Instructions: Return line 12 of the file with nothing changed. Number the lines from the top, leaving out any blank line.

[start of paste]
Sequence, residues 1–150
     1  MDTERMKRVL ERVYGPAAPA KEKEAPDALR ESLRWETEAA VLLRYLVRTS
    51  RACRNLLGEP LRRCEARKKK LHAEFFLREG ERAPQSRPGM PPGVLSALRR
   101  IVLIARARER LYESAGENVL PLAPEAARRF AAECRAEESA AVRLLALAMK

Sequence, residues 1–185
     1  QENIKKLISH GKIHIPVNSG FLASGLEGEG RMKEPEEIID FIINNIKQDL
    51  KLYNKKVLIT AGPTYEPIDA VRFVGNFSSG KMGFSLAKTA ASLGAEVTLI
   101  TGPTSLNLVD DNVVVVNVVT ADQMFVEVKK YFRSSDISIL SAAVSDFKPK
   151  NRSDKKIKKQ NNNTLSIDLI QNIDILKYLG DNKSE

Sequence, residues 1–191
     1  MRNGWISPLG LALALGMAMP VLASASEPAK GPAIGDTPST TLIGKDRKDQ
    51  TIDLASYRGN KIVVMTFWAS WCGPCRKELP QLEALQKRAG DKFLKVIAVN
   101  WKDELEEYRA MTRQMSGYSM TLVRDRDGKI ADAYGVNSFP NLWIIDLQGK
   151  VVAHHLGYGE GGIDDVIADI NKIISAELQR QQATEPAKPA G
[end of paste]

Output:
    51  TIDLASYRGN KIVVMTFWAS WCGPCRKELP QLEALQKRAG DKFLKVIAVN